8 places to sell stuff online

By on March 11, 2021 0

Before you sell things online at earn extra money, determine the ideal location for your goods. Selling grandma’s vintage tea cozies is a different business than offloading your old stereo system. We’ve rounded up some of the top online marketplaces along with tips on their audience, style, and pricing.

Online sales and auctions

There are a handful of great online auction and sales sites out there, and as you will see, some charge much lower fees than others. The major players, Amazon and eBay, have higher fees, but they are also some of the busiest sites on the internet. If speed of sales is your goal, these sites are the way to go. If you’re trying to maximize your profits, it might take a little longer to find a buyer on a smaller site.

Money saved is money earned

Track spending across all of your accounts to see where you can cut or save.

1. Amazon

You can sell just about anything on Amazon, although selling in certain specialized categories requires Amazon approval and improved sales plan. Amazon charges several types of fees on items sold, depending on the type of selling plan you have.

If you opt for the Standard Individual Selling Plan, you’ll pay Amazon 99 cents per item sold, plus a referral fee. The referral fee is a percentage of the item’s total selling price, including shipping costs but not taxes, and typically ranges from 8% to 20%. If you sell multimedia items, including books, movies, and video games, you also pay a closing cost of $ 1.80.

The upgraded professional selling plan requires a monthly subscription of $ 39.99, but you don’t have to pay 99 cents per item like you do with the individual plan. So the professional plan only makes sense if you plan to sell more than 40 items per month.

2. eBay

EBay allows you to auction and sell a wide range of products and has it a bit simpler fee structure than Amazon. For most items, you pay eBay 10% of the item’s final sale price, which includes shipping costs but not taxes. If you post more than 50 items per month, eBay will start charging you 30 cents per listing over 50.

You can also upgrade and promote your eBay listing in a number of ways for an additional fee. For example, you might want to set a reserve price so that your item is auctioned for at least that minimum amount. For most product categories, the charge to set a reserve price is $ 5 or 7.5% of the reserve price, whichever is greater, with a maximum of $ 250. You are charged these fees whether or not your item sells.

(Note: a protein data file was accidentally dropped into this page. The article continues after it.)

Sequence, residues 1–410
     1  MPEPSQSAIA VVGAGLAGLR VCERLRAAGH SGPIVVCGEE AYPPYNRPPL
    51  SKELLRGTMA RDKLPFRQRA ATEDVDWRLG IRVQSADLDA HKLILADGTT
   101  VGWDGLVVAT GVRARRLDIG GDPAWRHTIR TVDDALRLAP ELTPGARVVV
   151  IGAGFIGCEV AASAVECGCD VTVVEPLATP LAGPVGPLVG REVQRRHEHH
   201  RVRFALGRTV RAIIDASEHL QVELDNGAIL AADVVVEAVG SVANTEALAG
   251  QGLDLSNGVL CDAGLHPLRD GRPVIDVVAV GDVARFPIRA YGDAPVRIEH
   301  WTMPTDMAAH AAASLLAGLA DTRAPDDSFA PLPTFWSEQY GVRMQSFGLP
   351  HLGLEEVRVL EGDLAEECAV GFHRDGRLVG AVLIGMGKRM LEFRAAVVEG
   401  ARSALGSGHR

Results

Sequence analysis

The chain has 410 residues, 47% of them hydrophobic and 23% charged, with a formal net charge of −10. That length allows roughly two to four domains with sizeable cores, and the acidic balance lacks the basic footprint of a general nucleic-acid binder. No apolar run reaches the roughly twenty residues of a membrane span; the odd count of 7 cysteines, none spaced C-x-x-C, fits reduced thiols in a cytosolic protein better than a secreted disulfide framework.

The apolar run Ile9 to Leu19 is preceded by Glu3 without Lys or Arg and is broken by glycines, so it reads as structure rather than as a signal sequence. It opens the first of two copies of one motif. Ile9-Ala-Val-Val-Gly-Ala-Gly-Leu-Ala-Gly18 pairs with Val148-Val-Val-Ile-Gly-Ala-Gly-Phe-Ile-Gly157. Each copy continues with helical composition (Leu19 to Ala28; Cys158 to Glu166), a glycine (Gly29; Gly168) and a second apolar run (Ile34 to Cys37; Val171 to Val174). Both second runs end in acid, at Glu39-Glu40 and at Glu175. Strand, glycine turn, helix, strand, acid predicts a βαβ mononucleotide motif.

3. Bonanza

Bonanza sells a range of similar products to Amazon and eBay. He charges a fee based on the retail price of your item, plus any shipping amount over $ 10. So if you were to sell an item for $ 20 and ship it for $ 13, your charges would be based on a price of $ 23. Bonanza charges you 3.5% of this price; in our example, you would pay around 80 cents. There is a minimum charge of 50 cents per item.

For items that sell for $ 500 or more, you pay 3.5% on the first $ 500, then 1.5% on the amount over $ 500.

Bonanza also offers to publish your ad on the web in exchange for a higher percentage.

Local sales

4. Craigslist, Facebook Marketplace, Letgo

These websites and apps don’t always take a share of your sales, but you are responsible for connecting with your buyer, meeting in person, and chatting. It is definitely a different style from auctions and online sales. If you aren’t comfortable handling all the logistics on your own and then meeting a stranger, you should probably stick to the internet only.

Depending on what you are selling, you can arrange to meet your buyer in a public place (many local police stations provide a “safe haven” for such sales) or have a friend accompany you as you perform. the sale. Simplicity here is key: no packaging, shipping or fees, just cash on hand. But unlike many online-only shopping sites, these marketplaces have no warranty or protection if your buyer turns out to be a flake.

Clothing, vintage and crafts

Bigger sites online are good at getting rid of miscellaneous stuff, but for specialty items, like antiques and vintage clothing, you might want to sell to a more intentional audience.

5. Luxury brand

Poshmark is an online shopping and social network hybrid for men’s, women’s and children’s clothing, as well as other products. His fee structure is simple: for all sales under $ 15, you will be charged a fee of $ 2.95; for anything $ 15 or more, the fee is 20%. Poshmark charges your buyer $ 7.11 for expedited shipping. So all you need to do is print a prepaid shipping label, pack your clothes, and ship them.

6. Ruby alley

To post up to 50 items for sale on Ruby Lane, you will need to pay a monthly maintenance fee of $ 54. List more than that and add anywhere from a dime to 30 cents per item. Ruby Lane also charges a service charge of 6.7% of the total purchase. (See a more detailed price list here.)

You’ll want to get a good idea that you can recoup those maintenance and service charges on Ruby Lane before you dive in.

7. Etsy

If you want to sell your handmade arts and crafts or vintage collectibles, Etsy has you covered. You pay 20 cents to list an item for sale, then 5% transaction fee on the item’s selling price, excluding shipping. If you use Etsy Payments to process your payment, you will be charged an additional 3% plus 25 cents.


8. Swappa, Glyde, Gazelle

These sites are not so much marketplaces as resellers. They give you a quote on your smartphone, laptop or tablet, then you send it to them.

The sites are quite similar in essence, so you can compare each other’s quotes and find the best deal. You will likely get a lower price for your electronics than if you sold them yourself somewhere like eBay. The draw here is how easily these sites get quick cash for your electronics rather than letting them accumulate dust in your drawer.

Leave a comment

Your email address will not be published.